This week, I thought I would shed some light on the role of the ISBN, when self-publishing with CreateSpace.
What is an ISBN? ISBN stands for International Standard Book Number. You’ll find one on the back cover of a published book. It is a product identification number that enables a publisher to distribute the book to outlets such as major bookselling chains, internet booksellers, and libraries. As a self-publisher, you may wish to take advantage of this method of distribution.
There is no legal requirement in the UK for an ISBN, but when self-publishing with the US-based platform, CreateSpace, you have to provide one. They offer a choice of either using a CreateSpace-assigned ISBN or providing your own UK ISBN (initially obtained from the Nielsen UK ISBN Agency).
Which ISBN should I choose? This largely depends on how you wish your book to be distributed. If you are happy to sell your book via the range of Amazon websites and US outlets, then it’s probably best to choose the CreateSpace-assigned ISBN. If you wish to take advantage of UK distribution as mentioned in the opening paragraph, then you need to provide a UK ISBN. To further explain the differences between the two, I have, hopefully, offered some insight below. (CreateSpace currently provide four ISBN options, but two of these are not available for non-US members.)
CreateSpace-assigned ISBN. This option is free, but designates CreateSpace as the publisher and distributor of your work. As publisher, they use the imprint ‘CreateSpace Independent Publishing Platform’, and this will appear on any bibliographical references. Although you always retain the copyright to your work, with this option you have little control over publishing and distribution rights. Your book will be sold on Amazon.com, Amazon Europe and eStore channels, but distribution is only available to CreateSpace Direct, bookstores, other online retailers, libraries, and academic institutions within the US – worth bearing in mind if you specifically want to distribute your book to these places in the UK. A CreateSpace-assigned ISBN can only be used with the CreateSpace platform.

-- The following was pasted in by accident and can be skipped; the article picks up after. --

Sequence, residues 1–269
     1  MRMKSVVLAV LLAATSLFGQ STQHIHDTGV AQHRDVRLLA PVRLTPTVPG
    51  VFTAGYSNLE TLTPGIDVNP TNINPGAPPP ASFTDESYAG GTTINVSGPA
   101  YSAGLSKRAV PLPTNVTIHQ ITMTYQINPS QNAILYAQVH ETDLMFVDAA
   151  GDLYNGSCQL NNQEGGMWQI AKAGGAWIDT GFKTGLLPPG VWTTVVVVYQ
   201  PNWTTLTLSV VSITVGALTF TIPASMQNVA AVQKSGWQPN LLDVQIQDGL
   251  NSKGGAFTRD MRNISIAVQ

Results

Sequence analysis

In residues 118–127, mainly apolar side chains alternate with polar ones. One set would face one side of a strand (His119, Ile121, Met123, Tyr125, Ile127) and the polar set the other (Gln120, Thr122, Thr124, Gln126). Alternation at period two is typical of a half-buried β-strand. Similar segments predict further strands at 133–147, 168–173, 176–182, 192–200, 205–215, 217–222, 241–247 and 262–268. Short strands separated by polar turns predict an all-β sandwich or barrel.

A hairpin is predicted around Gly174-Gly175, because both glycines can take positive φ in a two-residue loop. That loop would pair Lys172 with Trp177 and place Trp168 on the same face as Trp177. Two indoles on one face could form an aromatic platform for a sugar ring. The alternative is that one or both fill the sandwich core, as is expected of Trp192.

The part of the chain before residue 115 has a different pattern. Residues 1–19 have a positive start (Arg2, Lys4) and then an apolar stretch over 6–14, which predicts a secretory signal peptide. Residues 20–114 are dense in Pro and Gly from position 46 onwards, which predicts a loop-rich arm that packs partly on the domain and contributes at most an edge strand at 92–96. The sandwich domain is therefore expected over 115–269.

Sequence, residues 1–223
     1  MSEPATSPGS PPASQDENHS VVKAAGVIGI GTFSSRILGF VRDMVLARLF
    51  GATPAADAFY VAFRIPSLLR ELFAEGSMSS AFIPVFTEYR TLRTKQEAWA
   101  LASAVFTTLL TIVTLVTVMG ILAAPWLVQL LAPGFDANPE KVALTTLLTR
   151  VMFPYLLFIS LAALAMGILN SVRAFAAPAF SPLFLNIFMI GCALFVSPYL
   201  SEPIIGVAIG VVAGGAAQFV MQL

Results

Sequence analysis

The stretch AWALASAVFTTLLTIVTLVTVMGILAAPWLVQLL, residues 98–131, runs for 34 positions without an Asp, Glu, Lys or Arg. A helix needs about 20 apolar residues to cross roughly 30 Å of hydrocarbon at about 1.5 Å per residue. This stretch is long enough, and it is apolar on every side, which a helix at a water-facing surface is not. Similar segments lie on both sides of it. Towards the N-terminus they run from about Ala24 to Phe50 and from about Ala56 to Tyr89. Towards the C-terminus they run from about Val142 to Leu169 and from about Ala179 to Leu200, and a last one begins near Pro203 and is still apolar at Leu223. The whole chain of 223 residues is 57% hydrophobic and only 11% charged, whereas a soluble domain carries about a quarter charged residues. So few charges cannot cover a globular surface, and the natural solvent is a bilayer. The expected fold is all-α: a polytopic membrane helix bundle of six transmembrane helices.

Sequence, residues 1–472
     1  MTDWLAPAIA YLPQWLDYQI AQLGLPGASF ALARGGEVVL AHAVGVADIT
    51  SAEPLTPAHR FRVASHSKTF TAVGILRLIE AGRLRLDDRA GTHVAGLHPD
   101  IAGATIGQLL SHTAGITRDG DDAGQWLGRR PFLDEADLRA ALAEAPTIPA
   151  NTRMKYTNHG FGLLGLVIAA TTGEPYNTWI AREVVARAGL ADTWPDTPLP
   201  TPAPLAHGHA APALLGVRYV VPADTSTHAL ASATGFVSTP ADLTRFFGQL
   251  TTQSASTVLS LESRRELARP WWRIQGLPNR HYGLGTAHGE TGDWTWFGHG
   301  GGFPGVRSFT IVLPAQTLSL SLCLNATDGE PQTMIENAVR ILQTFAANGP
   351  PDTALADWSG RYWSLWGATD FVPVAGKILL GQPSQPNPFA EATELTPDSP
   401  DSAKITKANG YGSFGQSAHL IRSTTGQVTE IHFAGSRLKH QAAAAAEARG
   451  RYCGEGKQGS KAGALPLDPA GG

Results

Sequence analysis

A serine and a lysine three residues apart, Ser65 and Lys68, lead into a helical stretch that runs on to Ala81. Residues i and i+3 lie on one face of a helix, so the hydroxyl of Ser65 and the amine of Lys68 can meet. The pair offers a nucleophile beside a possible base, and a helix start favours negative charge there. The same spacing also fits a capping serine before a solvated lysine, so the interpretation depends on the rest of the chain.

Provide your own UK ISBN. There is no charge by CreateSpace for this, but you will have to pay a fee to whoever provides the UK ISBN. This could be direct to the Nielsen UK ISBN Agency, or to whoever self-publishes your book. (I currently charge £14.40 when using my own publishing imprint, Shadenet Publishing.) If you buy your UK ISBN direct, you choose your own publishing name. This makes it more personal, but more importantly, you hold all the publishing and distribution rights, and your imprint will appear on any bibliographical references. You can also choose your own distributor. Your book will still be available via all the Amazon outlets, but will not be eligible for distribution to libraries and academic institutions in the US. It will still be available to US bookstores and other online retailers, but your book’s ISBN must not have been submitted for distribution through another service, and you must use an industry-standard trim size for your book (5″ x 8″, 5.25″ x 8″, 5.5″ x 8.5″, or 6″ x 9″).
Any self-publisher can purchase an ISBN. Until recently, they were only available in blocks of 10, but the Nielsen UK ISBN Agency have realized that many self-publishers only want to publish one book, so they have started offering one ISBN, currently for £75. (Bear in mind, 10 can be bought for £149.00).
E-books do not necessarily require an ISBN number, but if you want to distribute e-books through channels other than Amazon, in the UK, then you will need to assign a different ISBN number.
I hope this goes some way to making the ISBN choice easier for UK self-publishers. I’d quite like to hear from anyone about their experiences of using a UK ISBN with CreateSpace, especially with regards to distribution.